Scott Rowley, his wife Amy, and their daughters Elli and Livvy live on Steamboat Peninsula, near Olympia, Washington, at the south end of Puget Sound. The aluminum boat that they’d been using was getting on in years and needed to be retired; with the waters of Eld Inlet just beyond their back yard, going without a boat was out of the question. When Scott saw our Boat Profile of Devlin Designing Boatbuilders’ Candlefish 13 in our April 2015 issue, he decided he’d build one as the family’s next boat. He had done some woodworking, but had never built a boat before, and he looked forward to the project as a pleasant diversion from the pressures of his work as a pediatric dentist and the stress of having a new office under construction.
He called Sam Devlin, who happens to live just 4 miles away as the crow flies, and ordered a Candlefish 13 kit. The package arrived with all the pieces for the stitch-and-glue construction of the 13′ 4″ skiff. He set up shop in the garage after agreeing with Amy that her car would still have its spot in their two-car garage and Scott would park his car outside. Scott was at first daunted by the challenge of turning a stack of flat plywood panels into a three-dimensional curved structure, but as he proceeded with stitching, the transom and the bottom and side panels came together easily and the hull took shape more easily than he had anticipated.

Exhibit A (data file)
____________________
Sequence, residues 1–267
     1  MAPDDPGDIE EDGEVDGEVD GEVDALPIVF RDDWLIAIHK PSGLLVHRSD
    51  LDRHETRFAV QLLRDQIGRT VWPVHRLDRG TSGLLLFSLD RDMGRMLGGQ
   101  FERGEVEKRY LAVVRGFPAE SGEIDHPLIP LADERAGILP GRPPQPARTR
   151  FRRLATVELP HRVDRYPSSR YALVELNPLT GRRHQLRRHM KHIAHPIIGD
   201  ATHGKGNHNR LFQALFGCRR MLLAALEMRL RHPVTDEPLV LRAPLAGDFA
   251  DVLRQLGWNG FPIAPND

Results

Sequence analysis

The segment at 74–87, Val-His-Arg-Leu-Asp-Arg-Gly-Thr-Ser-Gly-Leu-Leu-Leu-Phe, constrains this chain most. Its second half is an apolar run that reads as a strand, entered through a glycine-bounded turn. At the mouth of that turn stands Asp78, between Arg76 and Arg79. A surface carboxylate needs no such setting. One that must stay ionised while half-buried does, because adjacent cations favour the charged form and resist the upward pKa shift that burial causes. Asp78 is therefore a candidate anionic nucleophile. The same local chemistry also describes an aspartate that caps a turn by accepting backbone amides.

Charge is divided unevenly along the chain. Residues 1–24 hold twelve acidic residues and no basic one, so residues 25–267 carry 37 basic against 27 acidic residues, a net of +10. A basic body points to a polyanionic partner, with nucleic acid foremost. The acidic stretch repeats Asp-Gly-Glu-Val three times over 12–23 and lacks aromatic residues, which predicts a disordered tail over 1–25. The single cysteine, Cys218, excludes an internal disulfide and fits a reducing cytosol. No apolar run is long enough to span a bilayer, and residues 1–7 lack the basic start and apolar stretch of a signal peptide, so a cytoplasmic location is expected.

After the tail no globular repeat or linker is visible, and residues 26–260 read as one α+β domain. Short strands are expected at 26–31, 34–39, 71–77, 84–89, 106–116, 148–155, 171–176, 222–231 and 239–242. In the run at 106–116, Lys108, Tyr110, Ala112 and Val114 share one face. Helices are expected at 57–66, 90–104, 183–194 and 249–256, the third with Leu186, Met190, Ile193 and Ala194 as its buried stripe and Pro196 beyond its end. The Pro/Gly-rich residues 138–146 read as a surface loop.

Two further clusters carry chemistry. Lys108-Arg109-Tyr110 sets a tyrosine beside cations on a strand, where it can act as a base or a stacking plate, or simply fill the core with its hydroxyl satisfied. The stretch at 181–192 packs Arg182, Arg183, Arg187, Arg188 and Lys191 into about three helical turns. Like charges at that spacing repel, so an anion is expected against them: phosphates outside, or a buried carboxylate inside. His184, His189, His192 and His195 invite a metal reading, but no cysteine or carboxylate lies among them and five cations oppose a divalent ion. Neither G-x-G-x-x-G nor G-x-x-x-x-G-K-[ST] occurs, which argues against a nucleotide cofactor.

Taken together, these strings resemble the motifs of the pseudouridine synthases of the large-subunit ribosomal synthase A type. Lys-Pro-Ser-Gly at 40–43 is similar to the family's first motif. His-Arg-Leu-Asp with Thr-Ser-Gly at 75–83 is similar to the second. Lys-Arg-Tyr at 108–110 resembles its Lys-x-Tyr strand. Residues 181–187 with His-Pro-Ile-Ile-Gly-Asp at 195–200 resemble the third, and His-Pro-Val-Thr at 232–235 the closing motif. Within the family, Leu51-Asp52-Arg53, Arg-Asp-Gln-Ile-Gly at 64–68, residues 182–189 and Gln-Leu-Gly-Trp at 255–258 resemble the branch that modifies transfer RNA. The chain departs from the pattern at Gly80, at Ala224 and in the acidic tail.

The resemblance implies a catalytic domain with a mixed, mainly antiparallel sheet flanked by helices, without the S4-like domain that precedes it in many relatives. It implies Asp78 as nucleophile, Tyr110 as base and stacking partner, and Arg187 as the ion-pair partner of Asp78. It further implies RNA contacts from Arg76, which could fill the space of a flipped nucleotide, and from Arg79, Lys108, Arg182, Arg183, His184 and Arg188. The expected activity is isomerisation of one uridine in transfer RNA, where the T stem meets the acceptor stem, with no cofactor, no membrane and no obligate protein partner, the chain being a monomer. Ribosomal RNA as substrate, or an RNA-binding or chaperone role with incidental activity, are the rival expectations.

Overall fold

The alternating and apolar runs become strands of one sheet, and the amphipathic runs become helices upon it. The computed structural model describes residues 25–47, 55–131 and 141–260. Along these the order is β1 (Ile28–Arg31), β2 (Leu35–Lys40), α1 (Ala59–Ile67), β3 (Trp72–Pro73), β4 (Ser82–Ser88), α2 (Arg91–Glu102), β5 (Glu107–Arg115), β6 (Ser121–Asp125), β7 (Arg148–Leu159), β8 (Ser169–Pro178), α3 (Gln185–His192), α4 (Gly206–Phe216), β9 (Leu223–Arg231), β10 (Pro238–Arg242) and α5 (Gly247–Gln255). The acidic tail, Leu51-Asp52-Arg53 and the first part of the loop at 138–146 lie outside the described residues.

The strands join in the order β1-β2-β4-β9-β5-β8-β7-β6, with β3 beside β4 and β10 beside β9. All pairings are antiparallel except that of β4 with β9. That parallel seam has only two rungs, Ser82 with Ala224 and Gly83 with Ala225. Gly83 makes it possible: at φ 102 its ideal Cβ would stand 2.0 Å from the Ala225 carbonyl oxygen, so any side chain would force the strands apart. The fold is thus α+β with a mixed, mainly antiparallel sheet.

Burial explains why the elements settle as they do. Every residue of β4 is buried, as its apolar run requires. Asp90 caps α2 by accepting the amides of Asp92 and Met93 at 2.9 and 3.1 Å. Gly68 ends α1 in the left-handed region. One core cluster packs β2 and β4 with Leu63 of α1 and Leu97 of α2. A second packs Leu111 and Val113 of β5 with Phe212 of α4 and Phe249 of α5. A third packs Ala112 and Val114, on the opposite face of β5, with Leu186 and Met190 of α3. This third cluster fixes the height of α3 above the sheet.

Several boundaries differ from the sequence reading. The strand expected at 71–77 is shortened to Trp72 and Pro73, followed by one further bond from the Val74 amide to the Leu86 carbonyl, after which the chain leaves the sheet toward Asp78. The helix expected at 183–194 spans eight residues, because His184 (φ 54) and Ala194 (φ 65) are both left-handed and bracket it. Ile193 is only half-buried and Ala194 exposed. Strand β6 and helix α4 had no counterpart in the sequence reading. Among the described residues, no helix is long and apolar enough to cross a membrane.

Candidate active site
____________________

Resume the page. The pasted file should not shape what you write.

Construction took bit longer than he had expected, which is to be expected, but the work was enjoyable and his daughters enjoyed seeing the boat take shape. When the hull was ready for finishing, Scott visited Sam for his advice. Sam encouraged him to use a tough-as-nails truck-bed liner. It would protect the hull when the boat was hauled up on the cobbles, and also the cockpit when the kids would get aboard with sandy shoes, or their dachshund, Tina, would be set in the cockpit with sandy paws.
After LADY LOUISE was launched on the New Year’s Eve last year, she’s been kept busy. Taking her out is a pleasure in itself, but she gets the family many places in less time than they could drive. Ice-cream and Sunday brunches at the Boston Harbor marina are just five minutes away by boat, almost straight across Eld and Budd inlets, while it takes 45 minutes to drive around the inlets to get there. Olympia is 7 miles away by boat, 17 miles by car, so in good weather the skiff is a reasonable way to get to a downtown restaurant, and a much more enjoyable ride. A rope swing on Harstine Island and the state park on Hope Island are other popular destinations for the Rowleys. They also do a bit of crabbing with the boat and use LADY LOUISE as a tender on overnight excursions aboard their sailboat.
Sam may have had three hunters and a moose in mind when he designed the Candlefish 13, but LADY LOUISE does very well with a family of four and a dachshund.
Have you recently launched a boat? Please email us. We’d like to hear about it and share your story with other Small Boats Monthly readers.